|Operator||European Space Agency|
|Mission duration||2 years (planned)|
|Manufacturer||Verhaert Design & Development (now QinetiQ Space)|
|Launch mass||120 kilograms (260 lb)|
|Dimensions||0.60m x 0.70m x 0.85m|
|Start of mission|
|Launch date||2 November 2009, 01:50:00UTC|
|Launch site||Plesetsk 133/3|
|Perigee altitude||713 kilometres (443 mi)|
|Apogee altitude||733 kilometres (455 mi)|
|Epoch||24 January 2015, 13:01:08 UTC|
ESA solar system insignia for the PROBA-2 mission
PROBA-2 is the second satellite in the European Space Agency's series of PROBA low-cost satellites that are being used to validate new spacecraft technologies while also carrying scientific instruments. PROBA-2 is a small satellite (130 kg) developed under an ESA General Support Technology Program (GSTP) contract by a Belgian consortium led by Verhaert (now QinetiQ Space) of Kruibeke, Belgium. The nominal mission duration was two years. The mission's most recent extension runs to 31 December 2016.
PROBA-2 contains five scientific instruments. Two of them are designated to observe the Sun: "The Sun Watcher using APS and Image Processing" (SWAP, an EUV imager) and the "Large Yield Radiometer" (LYRA), a radiometer made of diamond photodiodes. The Principal investigator teams of both instruments are hosted at the Royal Observatory of Belgium. This institute will also host the PROBA-2 Science Center from which the SWAP and LYRA instruments will be operated and their data distributed. There are three other instruments to measure basic space plasma properties: the Dual segmented Langmuir probe (DSLP) (developed by the Astronomical Institute and Institute of Atmospheric Physics, Academy of Sciences of the Czech Republic), the Thermal Plasma Measurement Unit (TPMU), and the Science Grade Vector Magnetometer (SGVM) developed by the Technical University of Denmark.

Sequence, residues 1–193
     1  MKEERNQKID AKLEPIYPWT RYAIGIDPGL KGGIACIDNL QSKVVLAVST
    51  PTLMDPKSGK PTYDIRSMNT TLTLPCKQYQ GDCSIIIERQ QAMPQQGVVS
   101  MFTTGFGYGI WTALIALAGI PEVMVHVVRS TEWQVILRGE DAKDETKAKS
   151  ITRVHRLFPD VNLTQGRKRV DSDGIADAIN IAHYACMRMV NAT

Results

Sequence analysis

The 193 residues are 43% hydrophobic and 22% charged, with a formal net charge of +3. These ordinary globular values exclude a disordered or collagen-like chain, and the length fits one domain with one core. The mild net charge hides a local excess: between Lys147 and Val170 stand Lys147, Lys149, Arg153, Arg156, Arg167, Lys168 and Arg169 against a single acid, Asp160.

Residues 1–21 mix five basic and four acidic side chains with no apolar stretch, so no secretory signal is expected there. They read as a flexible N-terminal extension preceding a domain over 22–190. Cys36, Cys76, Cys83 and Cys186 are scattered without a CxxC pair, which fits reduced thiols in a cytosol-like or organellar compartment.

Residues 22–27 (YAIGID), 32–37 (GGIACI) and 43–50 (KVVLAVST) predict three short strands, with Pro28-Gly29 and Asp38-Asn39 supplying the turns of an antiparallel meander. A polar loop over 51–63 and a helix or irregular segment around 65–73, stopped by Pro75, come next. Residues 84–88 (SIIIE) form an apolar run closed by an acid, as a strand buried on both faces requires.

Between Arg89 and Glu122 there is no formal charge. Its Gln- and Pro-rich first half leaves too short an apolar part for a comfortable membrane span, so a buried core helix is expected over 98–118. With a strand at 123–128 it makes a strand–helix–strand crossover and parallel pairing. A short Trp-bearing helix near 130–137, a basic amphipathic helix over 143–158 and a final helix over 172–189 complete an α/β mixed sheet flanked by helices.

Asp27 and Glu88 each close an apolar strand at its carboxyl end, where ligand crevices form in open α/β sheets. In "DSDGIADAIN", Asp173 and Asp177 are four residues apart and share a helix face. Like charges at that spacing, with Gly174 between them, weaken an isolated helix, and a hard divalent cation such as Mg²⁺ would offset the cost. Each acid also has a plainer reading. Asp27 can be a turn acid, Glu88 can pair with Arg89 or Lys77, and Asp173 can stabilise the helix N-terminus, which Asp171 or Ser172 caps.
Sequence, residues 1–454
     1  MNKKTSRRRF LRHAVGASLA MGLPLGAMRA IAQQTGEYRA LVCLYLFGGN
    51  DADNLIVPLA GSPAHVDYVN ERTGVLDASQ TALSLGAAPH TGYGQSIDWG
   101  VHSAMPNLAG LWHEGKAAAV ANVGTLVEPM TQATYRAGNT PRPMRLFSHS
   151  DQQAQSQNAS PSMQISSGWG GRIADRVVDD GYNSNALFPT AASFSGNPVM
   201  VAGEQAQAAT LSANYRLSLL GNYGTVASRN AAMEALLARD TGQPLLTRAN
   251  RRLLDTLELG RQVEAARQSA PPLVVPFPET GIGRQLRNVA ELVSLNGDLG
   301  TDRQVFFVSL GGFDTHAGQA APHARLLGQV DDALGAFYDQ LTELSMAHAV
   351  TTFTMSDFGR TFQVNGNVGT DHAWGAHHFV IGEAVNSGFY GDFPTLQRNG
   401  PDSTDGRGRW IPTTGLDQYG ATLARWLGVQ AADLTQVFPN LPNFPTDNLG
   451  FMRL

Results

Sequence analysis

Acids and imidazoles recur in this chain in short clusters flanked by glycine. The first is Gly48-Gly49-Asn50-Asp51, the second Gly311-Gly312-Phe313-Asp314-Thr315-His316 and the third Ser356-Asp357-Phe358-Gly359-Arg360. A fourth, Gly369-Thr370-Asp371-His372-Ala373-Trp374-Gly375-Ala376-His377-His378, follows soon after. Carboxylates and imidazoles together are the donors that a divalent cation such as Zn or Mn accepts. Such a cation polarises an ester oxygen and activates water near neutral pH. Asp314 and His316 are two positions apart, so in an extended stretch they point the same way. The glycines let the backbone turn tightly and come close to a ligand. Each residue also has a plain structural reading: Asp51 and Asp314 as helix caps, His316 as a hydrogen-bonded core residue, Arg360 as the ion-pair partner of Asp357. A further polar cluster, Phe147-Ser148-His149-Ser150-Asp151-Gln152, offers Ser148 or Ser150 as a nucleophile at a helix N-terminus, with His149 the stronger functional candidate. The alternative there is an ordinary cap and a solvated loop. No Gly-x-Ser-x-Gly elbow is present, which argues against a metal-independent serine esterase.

- "PROBA-2 (Project for On-Board Autonomy-2)". ESA. Retrieved 2013-04-15.
- "PROBA-2 Satellite details 2009-059B NORAD 36037". N2YO. 24 January 2015. Retrieved 25 January 2015.
- "About PROBA-2". ESA. 2012-12-02. Retrieved 2013-04-15.
- "Working life extensions for ESA's science missions". ESA Science & Technology. ESA. 28 November 2014. Retrieved 9 May 2015.
- "Successful launch qualification test for PROBA-2". ESA. 2008-09-16. Archived from the original on 2011-07-25. Retrieved 2013-04-15.
|This article related to the European Space Agency is a stub. You can help Wikipedia by expanding it.|
|This article about one or more spacecraft of a European multinational organisation is a stub. You can help Wikipedia by expanding it.|